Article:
AMERICA, one of the five grand divisions of the world, and by much the largest; bounded by the ocean, E, S, and w, but the N has not yet been fully discovered. It took its name from Americus Vespucius, a Florentine, who having accompanied Ojeda, a Spanish navigator, in 1497, drew up an amusing history of his voyage, in which it was insinuated, that the glory of having first discovered the continent of the new world belonged to him. This was in part believed: the country began to be called after the name of its supposed first discoverer; and the unaccountable caprice of mankind has perpetuated the error. But America was first discovered in 1492, by Christoval Colon, a Genoese, better known by the name of Christopher Columbus. It is called the New World with great propriety; for not only the men, but the birds and beasts, differ, in some respects, from those known before. It has likewise a great number of trees and plants, that grow no where else. All the men, except the Esquimaux, near Greenland, seem to have the same origin; for they agree in every particular, from the strait of Magalaes, in the s, to Hudson's bay, in the N. Their skins are of a red copper colour, and they have no beards; hair, black, straight, and coarse. Many are the conjectures about the peopling of this vast continent, and almost as various as their authors. America is so long, that it takes in the torrid zone, the two temperate zones, and part of the northern frigid zone. continent so extensive must naturally be various in its climate, soil, and productions. In the most northern and most southern parts the countries are cold, sterile, and de
sert; while in the centre are found the richest metals, minerals, precious stones, and abundance of the most valuable and useful commodities. It would be difficult
to enumerate the different languages spoken by the natives, for they vary materially with every tribe, so as to be quite distinct even amongst neighbouring nations or tribes; and as to religion, no satisfactory general account can be given; yet some of the most civilized of the Aborigines seem to have worshipped the sun. The principal motive of the Spaniards in sending so many colonists here was the thirst of gold; and indeed they and the Portuguese are possessed of all those parts where it is found in the greatest plenty. This vast continent is divided into North and South America, which are joined by the isthmus of Panama. It has lofty and immense ranges of mountains, such as the Andes, Stoney, and Allegany; and the most stupendous rivers, such as the Amazon, Plata, Orinoco, Mississipi, St. Lawrence, and Missouri. Beside the Aborigines, who inhabit the interior parts, and the United States of America, who possess European powers have rich and flourishing many of the finest provinces, the different colonies here. In N. America, Britain possesses New Britain, Canada, Nova Scotia, and New Brunswick; Spain had Mexico, New Mexico, New Albion, and California; and Russia has some settlements on Cook's inlet. In S. America, Spain possessed Caraccas, New Granada, Peru, Chili, and Buenos Ayres; Portugal had Brazil, and part of Guyana; and France, Britain, and Holland, have the remainder of Guyana. The Spanish colonies have now asserted their independence, and contain Mexico in N. America; Columbia, Chili, and the United Provinces, including the s of Peru, and Buenos Ayres. Brazil is now an independent empire: and Patagonia remains in the possession of the natives.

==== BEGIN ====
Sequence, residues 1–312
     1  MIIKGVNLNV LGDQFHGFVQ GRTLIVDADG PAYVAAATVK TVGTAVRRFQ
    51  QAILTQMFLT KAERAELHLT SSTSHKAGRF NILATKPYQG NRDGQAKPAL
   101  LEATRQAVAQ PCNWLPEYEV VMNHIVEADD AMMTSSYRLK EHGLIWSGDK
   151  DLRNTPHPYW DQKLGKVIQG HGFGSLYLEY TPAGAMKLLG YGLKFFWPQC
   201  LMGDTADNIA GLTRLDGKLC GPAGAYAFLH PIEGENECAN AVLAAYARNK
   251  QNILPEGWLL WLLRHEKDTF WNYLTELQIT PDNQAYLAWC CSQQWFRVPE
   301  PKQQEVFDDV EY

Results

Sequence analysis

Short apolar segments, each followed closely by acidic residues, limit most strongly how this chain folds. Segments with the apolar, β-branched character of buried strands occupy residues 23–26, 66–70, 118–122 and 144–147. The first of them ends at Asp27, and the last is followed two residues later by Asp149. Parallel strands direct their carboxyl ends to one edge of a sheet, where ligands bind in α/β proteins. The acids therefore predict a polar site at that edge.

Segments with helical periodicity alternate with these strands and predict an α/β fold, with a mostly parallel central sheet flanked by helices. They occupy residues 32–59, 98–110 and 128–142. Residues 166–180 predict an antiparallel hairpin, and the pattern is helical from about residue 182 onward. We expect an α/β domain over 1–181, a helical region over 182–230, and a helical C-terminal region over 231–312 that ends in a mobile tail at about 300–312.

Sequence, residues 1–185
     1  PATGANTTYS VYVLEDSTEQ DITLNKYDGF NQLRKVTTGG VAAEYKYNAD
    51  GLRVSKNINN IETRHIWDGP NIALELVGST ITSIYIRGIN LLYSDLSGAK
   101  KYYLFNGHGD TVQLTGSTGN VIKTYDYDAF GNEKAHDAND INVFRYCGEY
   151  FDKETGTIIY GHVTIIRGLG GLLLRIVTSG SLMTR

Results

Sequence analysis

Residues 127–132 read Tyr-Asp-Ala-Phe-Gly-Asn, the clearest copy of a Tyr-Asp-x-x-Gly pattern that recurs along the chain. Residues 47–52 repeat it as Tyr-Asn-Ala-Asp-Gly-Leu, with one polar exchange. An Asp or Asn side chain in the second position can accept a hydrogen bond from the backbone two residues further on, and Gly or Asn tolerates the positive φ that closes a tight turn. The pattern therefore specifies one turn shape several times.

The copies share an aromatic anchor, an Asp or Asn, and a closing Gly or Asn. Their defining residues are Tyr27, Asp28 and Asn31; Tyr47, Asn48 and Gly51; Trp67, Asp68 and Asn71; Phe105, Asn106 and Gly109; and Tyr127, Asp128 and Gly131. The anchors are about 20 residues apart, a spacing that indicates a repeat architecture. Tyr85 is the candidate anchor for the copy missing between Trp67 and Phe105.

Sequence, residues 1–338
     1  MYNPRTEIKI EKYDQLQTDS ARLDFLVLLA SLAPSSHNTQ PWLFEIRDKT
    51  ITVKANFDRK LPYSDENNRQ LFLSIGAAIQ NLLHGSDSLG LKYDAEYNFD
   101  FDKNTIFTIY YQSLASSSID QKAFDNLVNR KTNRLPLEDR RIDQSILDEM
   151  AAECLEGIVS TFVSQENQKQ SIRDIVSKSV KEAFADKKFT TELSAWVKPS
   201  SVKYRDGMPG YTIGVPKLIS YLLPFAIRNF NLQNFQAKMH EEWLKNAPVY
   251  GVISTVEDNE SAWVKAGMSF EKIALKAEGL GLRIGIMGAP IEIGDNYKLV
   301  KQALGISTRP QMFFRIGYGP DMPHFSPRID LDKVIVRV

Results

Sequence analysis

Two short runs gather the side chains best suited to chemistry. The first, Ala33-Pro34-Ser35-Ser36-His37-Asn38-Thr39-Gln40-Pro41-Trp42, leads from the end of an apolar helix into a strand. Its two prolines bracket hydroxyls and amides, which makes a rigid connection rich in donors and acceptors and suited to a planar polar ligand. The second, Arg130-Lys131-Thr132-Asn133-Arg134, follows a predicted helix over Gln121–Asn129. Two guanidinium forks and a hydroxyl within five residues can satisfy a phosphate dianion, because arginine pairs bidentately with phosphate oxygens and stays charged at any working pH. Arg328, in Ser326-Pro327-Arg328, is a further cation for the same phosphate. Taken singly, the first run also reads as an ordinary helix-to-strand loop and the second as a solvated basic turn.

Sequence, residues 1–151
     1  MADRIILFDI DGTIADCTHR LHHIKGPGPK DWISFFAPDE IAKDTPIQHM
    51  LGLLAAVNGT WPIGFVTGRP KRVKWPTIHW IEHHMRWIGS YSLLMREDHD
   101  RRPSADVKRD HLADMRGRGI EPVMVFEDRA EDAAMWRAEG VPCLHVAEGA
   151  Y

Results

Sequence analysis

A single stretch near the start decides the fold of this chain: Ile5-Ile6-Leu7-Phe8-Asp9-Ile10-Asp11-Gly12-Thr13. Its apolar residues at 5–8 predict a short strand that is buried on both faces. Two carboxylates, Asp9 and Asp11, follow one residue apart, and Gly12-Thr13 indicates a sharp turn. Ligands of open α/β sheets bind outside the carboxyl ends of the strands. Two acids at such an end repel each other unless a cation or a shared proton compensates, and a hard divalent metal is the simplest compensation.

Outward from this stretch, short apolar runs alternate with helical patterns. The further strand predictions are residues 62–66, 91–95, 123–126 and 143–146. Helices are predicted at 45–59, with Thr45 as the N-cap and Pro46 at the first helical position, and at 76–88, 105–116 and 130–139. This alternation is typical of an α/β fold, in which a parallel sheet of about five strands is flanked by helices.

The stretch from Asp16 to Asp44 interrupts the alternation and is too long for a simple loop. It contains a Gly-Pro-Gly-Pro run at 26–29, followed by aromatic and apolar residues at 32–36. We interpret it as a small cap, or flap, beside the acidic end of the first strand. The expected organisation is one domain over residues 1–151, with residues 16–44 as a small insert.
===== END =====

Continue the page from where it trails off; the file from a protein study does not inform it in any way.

Hindostan, in Ajmeer. It is seated on a AMERCOTE, a town and fort of Asia, hill, in the sandy desert, near the border of Sindy, 90 m E Hydrabad. This place is celebrated as the retreat of the emperor Humayoon, during his troubles, and for being the birth-place of his son, the illustrious Akber: Lg. 69.49 E, Lt. 25.20 N.
AMERPOOR, a town of Asia, Hindostan, in Nepaul, and district of Muckwanny, 70 m NNW Purneah, in Bengal.
AMERSFORT, a town of Holland, province Utrecht. It has a trade in beer and to
bacco; and goods from Germany are shipped here for Amsterdam. It is seated in a fertile country, on the Eem, 10 m NNE Utrecht.
AMERSHAM, or AGMONDESHAM, a borough of England, county Buckingham, with a market on Tuesday. It has a beautiful town hall, and is seated in a vale between
woody hills, 26 m xw London; P. 2816.
AMESBURY, or AMBRESBURY, a town of England, county Wiltshire, with a mar.